Chiliheads and the capsaicin craving
Cultures all over the world enjoy spicy food from the Chicken Naga curry of India to Camarones a la Diabla of Mexico as do many Southeast Texans — be it Cajun, Tex-Mex, or their family’s secret chili recipe. These dishes usually have one thing in common: chili peppers. But what is it that gives a pepper its heat, and why do people keep coming back for more despite the pain they endure during and after ingestion?
Although Chicken Naga and Camarones a la Diabla contain different peppers — one contains the naga viper pepper and the other contains the habanero — the peppers in both dishes contain a common chemical that gives each its spicy kick.
“The active chemical in a pepper plant that gives the plant its spike or its heat is called capsaicin,” said Dr. Robert Corbett, coordinator of laboratory instruction at Lamar University’s department of biology. “It’s predominantly in the seeds and the placenta of the pepper which is the little, white midribs that you see in the pepper, where the seeds are attached.”
It is the amount of capasicin that determines how much heat a dish will deal its consumer, Corbett said, heat that is measured by the Scoville Scale. The scale was named after American pharmacist Wilbur Scoville, whose method, the Scoville Organoleptic Test, revolutionized the measurement of capsaicin in 1912.
“The lower the Scoville Heat Unit (SHU), the less hot the pepper is,” Corbett said. “The higher the Scoville Heat Unit, the hotter the pepper is and the more capsaicin it has in it. It’s directly related to capsaicin.”
The jalapeño pepper, a pepper found in many popular Tex-Mex foods only contains a maximum of 8,000 SHU versus the Naga Viper, used in some curry dishes, which contains 1.38 milllion SHU. The amount of capsaicin used in law enforcement-grade pepper spray is usually above 2 million SHU, and pure capsaicin registers 16 million.
“The pepper sprays that police officers use actually has capsaicin in it … extracted out of hot chili peppers,” Corbett said. “To get a better yield of capsaicin when they do the extraction processes, they are going to be using hotter peppers like habanero peppers.”
The body’s reaction to capsaicin is also responsible for the pain a hot pepper can cause its consumer.
According to “Feel the Burn,” an article in American Scientist — a bi-monthly magazine published by Cornell University — in 1997, a University of California-San Francisco scientist reported the discovery of the cellular receptor responsible for the “heat” in jalapeños, habaneros and other hot peppers. The capsaicin receptor is a protein channel that sits in the outer membrane of specific nerve cells and allows a flood of calcium ions to enter a human’s cells when capsaicin is present. The characteristic burning sensation people experience when they bite into a hot pepper comes from the excitation of these cells, the article states.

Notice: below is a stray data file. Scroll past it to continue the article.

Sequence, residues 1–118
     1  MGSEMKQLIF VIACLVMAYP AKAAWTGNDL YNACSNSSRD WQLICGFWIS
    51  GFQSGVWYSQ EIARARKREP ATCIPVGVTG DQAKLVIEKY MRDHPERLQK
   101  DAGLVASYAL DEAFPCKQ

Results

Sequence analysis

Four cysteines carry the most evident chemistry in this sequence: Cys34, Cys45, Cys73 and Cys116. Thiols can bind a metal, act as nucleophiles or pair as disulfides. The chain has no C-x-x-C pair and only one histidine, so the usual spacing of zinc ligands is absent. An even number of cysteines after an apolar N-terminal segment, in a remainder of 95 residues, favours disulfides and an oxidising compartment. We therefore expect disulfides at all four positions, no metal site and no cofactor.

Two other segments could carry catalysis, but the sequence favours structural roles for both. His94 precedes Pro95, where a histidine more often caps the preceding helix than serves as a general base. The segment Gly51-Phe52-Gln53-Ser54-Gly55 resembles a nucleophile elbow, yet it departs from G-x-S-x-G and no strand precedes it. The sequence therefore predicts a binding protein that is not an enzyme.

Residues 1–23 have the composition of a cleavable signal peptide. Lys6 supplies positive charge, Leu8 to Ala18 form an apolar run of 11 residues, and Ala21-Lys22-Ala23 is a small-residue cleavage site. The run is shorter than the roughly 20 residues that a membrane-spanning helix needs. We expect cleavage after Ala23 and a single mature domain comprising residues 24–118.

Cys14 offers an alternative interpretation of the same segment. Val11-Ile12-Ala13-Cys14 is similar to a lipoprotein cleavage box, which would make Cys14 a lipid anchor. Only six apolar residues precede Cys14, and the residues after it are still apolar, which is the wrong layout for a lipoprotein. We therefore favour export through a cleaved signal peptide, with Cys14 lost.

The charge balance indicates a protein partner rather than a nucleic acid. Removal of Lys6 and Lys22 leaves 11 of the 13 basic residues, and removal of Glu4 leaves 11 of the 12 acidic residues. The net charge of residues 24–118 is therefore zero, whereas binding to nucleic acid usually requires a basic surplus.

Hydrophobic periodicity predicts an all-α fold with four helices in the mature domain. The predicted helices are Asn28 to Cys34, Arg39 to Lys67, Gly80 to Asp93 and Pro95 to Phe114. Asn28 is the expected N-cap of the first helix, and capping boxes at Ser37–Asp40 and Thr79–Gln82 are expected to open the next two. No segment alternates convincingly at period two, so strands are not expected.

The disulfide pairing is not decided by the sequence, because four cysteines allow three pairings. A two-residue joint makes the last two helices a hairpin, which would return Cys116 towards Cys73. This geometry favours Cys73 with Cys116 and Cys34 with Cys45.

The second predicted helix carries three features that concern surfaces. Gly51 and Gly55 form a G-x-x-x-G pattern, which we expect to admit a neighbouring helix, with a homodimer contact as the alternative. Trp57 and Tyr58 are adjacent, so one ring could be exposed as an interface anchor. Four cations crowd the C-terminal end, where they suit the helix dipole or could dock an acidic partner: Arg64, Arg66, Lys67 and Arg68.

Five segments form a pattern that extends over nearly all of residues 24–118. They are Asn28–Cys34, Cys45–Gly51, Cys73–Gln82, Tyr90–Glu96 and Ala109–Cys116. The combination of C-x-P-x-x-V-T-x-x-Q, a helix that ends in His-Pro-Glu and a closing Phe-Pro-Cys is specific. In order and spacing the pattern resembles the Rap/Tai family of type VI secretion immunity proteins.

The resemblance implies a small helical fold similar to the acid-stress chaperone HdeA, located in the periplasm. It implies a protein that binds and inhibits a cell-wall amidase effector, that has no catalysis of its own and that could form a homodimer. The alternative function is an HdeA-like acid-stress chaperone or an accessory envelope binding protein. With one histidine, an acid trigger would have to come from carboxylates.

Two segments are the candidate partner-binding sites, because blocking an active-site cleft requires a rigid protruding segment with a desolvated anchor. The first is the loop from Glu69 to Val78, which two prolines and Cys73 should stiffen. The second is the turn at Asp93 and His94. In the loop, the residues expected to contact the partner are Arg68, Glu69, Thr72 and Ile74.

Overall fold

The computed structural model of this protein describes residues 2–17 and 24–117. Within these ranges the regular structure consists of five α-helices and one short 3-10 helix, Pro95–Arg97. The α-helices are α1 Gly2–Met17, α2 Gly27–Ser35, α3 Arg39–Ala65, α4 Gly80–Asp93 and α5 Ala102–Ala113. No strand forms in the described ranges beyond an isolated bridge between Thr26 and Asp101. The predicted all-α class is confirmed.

So why do people keep coming back for more?
“It’s kind of like eating chocolate,” Corbett said. “It boosts the metabolism and releases endorphins (a group of hormones secreted within the brain and nervous system). It gives you that happy feeling if you can get past the initial pain from the burn.”
Many are not only willing to withstand the pain to get that pepper high, but also actively seek the heat. These folks, called chiliheads, search the Web for companies that can satisfy their craving, companies like Pucker Butt Pepper Company, developer of the world’s current hottest pepper — Smokin’ Ed’s Carolina Reaper, a super hot pepper grown by Ed Currie, founder and president of the company, in his Rock Hill, S.C. greenhouse. Measuring over 1.5 million on the Scoville Scale, Smokin' Ed's Carolina Reaper was awarded the Guinness World Record in November 2013.
In fact, becoming the next leader on the Scoville Scale, has become a competition for companies like Pucker Butt Pepper Company, said Craig Ryan, owner of The Nut Shack, a mobile shop owned by Craig and his wife Patsy. The two travel all over the United States selling nuts, peppers and hot sauces at U.S. military bases and fairs. They recently set up shop at the Ford Park Exhibit Hall during the South Texas State Fair.
“There are people that work year-round to make a hotter pepper. Nobody wants to be second,” Craig said. “The Carolina Reaper is a cross-pollination between two or three different peppers.”
Cross-pollination is the transfer of pollen from the flower of one plant to the flower of a plant having a different genetic constitution, Corbett said.
“It’s just common breeding practices, cross-pollination,” he said. “A hot pepper can cross-pollinate with a less hot pepper and you’ll get something in between. I made the mistake once of growing habaneros next to my bell peppers and my bell peppers ended up being pretty hot because the habaneros actually pollinated my bell pepper plants.”
Cross-breeding peppers to meet the needs of chiliheads has resulted in a myriad of new sauces and extracts on the market. The Nut Shack sells many of these sauces, which each have their own decorative bottle and catchy name, some of which include: Magma Hot Sauce, a 1-million-SHU vinegary sauce that comes in a transparent bottle — the capsaicin settles at the top, and when turned upside down, the bottle resembles a lava lamp; Widow Hot Sauce-No Survivors, 90,000 SHU of bite, with soy sauce and Worcestershire ingredients and the infamous black widow spider on the label; Blair’s Pure Death Sauce, containing both ghost chilies and habaneros — the name of this 35,000-SHU strong sauce says it all.